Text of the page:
4. Profitable, Stable, Debt-free Business
Financial stability is the bedrock of a hosting provider’s ability to deliver outstanding uptime, cost-effective service plans and world-class 24x7 support.  HostForLife’s customers are assured of our financial integrity and stability - a stark contrast to the ups and downs they may have experienced with other providers.

5. The Best Account Management Tools
HostForLife revolutionized hosting with Plesk Control Panel, a Web-based interfaces that provides customers with 24x7 access to their server and site configuration tools. Some other hosting providers manually execute configuration requests, which can take days. Plesk completes requests in second. It is included free with each hosting account. Renowned for its comprehensive functionally - beyond other hosting control panels - and ease of use, Plesk Control Panel is available only to HostForLife’s customers.

6. 30-Day Money Back Guarantee
HostForLife 30 day money back guarantee ensures you have the ability to cancel your account anytime within your first 30 days under our full 30 day money back guarantee (less one-time account setup free). So what are you waiting for? Sign up today, risk free…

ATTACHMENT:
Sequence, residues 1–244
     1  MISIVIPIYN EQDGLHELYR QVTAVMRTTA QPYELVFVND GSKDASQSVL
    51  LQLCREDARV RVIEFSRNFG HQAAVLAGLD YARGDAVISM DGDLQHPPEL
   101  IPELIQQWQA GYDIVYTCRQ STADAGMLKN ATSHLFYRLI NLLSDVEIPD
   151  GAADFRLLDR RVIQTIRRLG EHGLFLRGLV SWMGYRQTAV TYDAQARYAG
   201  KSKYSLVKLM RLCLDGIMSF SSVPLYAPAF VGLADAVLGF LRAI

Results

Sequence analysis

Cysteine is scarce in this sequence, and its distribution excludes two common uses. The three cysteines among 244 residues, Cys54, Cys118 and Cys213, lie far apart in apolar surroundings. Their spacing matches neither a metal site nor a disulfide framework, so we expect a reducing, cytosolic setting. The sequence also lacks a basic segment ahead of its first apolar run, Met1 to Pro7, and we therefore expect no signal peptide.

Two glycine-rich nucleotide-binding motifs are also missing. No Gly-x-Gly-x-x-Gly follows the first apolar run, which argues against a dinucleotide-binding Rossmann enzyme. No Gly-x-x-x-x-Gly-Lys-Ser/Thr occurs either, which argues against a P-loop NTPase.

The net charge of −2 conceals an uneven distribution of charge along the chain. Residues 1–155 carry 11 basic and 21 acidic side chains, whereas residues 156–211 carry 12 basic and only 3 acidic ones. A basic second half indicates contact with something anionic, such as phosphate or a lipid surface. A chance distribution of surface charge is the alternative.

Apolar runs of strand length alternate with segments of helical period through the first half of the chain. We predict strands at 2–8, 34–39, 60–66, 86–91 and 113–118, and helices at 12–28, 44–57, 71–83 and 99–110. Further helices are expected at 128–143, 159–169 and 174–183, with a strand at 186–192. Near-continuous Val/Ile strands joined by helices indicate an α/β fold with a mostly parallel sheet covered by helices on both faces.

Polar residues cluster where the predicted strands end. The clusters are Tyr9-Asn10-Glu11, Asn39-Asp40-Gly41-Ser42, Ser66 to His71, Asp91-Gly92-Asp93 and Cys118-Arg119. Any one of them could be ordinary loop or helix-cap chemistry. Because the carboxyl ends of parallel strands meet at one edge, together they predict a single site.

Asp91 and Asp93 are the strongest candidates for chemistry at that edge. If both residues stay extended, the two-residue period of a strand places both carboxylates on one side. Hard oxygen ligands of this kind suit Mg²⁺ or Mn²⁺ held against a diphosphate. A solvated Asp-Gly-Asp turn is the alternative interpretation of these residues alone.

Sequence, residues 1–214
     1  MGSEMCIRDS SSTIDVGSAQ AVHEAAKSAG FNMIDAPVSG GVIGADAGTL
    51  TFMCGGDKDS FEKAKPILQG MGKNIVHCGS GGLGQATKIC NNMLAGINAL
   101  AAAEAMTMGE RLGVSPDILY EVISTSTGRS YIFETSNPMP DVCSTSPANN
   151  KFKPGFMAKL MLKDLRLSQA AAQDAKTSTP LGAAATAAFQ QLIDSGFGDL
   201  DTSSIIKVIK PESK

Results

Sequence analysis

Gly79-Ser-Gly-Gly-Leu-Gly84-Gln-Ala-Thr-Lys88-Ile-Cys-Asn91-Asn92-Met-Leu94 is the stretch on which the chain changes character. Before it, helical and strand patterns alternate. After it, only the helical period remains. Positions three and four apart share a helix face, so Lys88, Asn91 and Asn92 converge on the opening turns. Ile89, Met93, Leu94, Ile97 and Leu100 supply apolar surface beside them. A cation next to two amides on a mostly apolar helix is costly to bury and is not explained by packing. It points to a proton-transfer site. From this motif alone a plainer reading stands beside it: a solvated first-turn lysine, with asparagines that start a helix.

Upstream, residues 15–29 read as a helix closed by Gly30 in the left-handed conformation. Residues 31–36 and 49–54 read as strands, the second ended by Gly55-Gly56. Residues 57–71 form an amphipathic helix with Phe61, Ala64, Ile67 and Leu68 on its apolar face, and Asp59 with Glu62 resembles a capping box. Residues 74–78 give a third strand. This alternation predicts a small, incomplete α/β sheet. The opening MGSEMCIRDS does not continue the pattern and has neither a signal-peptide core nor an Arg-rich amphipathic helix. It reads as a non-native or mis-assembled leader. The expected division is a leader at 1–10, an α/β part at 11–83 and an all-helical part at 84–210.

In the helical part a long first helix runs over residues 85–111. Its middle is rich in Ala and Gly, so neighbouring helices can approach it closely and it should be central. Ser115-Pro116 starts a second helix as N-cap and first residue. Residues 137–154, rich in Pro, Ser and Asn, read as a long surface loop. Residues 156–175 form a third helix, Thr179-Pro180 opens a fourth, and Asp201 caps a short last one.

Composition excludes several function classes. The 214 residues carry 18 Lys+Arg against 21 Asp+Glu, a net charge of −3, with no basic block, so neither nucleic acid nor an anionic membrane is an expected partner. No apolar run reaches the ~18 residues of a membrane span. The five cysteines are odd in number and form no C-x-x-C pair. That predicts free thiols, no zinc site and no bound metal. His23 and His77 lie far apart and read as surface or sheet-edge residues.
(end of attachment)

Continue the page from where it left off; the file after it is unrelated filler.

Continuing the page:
7. Simplicity with FREE 1-Click Installation
HostForLife was designed with ease of use in mind. From one click installations of your favourite website applications to our much talked about drag and drop website builder, you can rest assure your stay with us is going to be a smooth one. HostForLife offers the most extensive set of scripts on the web allowing you to build complicated websites with little or no programming knowledge at all. From blogs to forums to powerful e-commerce solutions, Super Green has something that is right for you.



ASP.NET 4 European Hosting :: A Developer's Introduction to Windows Workflow Foundation (WF4) in .NET 4 Beta-Part 2